There are some composite shutters that look nice and claim to be lower maintenance. The ones I have seen are best used for a paneled shutter- not as common in our area because the wood ones take on water at the joints easier.  If you’re looking for that style, which is more appropriate on an English or French Country style home, I would suggest using composite.

If you are looking to buy shutters and are not renovating, we recommend contacting a company that specializes in this, and locally that is New England Shutter.  When we are installing ourselves, we like to buy from Exterior Solutions where we can order them easily with the finish, size and hardware all in one spot. If you’re wondering what they cost, each pair will set you back about $600-$800 installed, pre-painted and with cedar.

Happy shopping! 

Remodeling and Renovation Planning- Where to Start

When preparing for a large renovation it can help to have a plan; to start the planning :). The first step is to think about what it is driving the project.

Is it just the “something new” or is it motivated by a changing family need? Of course, if the cabinets and appliances are breaking down, it is probably a combination of things. You need a new kitchen, but you would also like it to work better and have an improved lay-out. If it is the hall bath that has the same lay-out, it is a new stuff and style issue. And lastly, if it is a major renovation and addition, then we need to spend time getting to the bottom of what life will have in store for at least the next decade.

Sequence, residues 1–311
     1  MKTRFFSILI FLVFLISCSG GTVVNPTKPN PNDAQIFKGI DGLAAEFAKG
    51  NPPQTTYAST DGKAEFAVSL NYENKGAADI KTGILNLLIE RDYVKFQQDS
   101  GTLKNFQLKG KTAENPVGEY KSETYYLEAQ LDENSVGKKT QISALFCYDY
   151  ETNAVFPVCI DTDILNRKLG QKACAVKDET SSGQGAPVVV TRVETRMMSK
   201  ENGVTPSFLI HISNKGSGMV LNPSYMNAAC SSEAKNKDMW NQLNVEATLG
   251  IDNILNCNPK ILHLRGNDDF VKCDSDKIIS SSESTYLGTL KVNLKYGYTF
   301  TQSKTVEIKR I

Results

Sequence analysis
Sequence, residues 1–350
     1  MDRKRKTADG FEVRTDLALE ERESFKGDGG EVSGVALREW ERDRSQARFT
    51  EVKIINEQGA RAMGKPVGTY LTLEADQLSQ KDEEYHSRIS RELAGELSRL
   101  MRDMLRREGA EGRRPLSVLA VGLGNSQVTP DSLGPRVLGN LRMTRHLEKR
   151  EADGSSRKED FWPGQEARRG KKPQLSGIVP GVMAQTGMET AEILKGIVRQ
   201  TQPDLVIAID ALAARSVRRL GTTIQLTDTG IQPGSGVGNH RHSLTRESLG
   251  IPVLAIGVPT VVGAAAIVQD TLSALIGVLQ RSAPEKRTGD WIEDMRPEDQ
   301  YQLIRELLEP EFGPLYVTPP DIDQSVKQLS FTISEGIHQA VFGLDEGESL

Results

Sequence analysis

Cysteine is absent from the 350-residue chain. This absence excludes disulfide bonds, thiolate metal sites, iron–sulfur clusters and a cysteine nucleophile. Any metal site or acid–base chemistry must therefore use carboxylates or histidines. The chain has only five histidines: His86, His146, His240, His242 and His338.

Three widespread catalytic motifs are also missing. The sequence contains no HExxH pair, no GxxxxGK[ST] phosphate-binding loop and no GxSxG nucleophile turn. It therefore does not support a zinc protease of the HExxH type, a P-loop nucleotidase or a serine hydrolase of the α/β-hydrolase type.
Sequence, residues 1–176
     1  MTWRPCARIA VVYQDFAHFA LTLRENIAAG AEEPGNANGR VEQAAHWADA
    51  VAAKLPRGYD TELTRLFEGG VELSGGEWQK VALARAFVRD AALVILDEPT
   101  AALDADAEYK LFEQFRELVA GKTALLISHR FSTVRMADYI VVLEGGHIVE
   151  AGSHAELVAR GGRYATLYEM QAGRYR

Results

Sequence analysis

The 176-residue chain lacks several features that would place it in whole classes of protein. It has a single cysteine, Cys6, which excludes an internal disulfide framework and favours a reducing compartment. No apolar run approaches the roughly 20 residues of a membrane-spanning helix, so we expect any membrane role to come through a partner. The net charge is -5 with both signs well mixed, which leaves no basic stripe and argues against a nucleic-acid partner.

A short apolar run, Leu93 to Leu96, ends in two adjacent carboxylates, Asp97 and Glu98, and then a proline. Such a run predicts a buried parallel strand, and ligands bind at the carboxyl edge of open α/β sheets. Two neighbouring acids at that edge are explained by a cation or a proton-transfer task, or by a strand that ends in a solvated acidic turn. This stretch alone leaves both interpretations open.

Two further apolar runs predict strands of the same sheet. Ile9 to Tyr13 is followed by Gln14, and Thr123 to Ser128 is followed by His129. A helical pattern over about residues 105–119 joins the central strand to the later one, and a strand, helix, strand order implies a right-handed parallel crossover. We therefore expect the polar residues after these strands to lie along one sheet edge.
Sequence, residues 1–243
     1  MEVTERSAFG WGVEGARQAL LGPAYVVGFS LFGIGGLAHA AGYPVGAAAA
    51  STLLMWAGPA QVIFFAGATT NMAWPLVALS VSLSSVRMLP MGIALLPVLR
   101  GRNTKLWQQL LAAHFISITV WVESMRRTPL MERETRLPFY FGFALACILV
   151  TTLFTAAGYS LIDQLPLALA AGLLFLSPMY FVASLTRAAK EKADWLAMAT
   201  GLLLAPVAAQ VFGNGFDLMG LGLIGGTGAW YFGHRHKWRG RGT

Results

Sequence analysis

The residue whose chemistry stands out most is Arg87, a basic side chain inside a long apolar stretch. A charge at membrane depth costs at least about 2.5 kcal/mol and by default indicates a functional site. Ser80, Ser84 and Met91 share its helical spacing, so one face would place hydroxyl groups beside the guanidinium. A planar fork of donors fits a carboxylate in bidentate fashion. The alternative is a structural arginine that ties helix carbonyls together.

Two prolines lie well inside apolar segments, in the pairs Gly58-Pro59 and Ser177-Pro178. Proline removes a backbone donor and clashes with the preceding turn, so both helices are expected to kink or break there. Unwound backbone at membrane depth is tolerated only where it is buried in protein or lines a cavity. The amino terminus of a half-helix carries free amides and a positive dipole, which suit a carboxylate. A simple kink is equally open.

Once you have zeroed in on the need or objective, it is time to interview. Right, I said interview! The interview process will help you discover what the right fit is for you and your family. Of course it is very important to like the person you hire but you also need to have confidence in their expertise and their ability to perform the work. As well as believe in the integrity of the firm.

You also have choices to make about the process that works for you. The structure of construction companies and the way they do business is almost endless. Most processes are based on 3 generic models:

1. The hire everything yourself approach. Here you could take a simple bath remodel, hire all the needed specialty subs and maybe even do the design work yourself. This process can get a quick upgrade to include a one person show that does some coordinating for you. The only pro to this method is cost saving since you will not have to pay someone to manage the project. The downside is that there are many cons if you are new to renovating. It isn’t like a repair you would hire a handy man for. Picking one sub-contractor at a time can lead to finger pointing and delays in the project.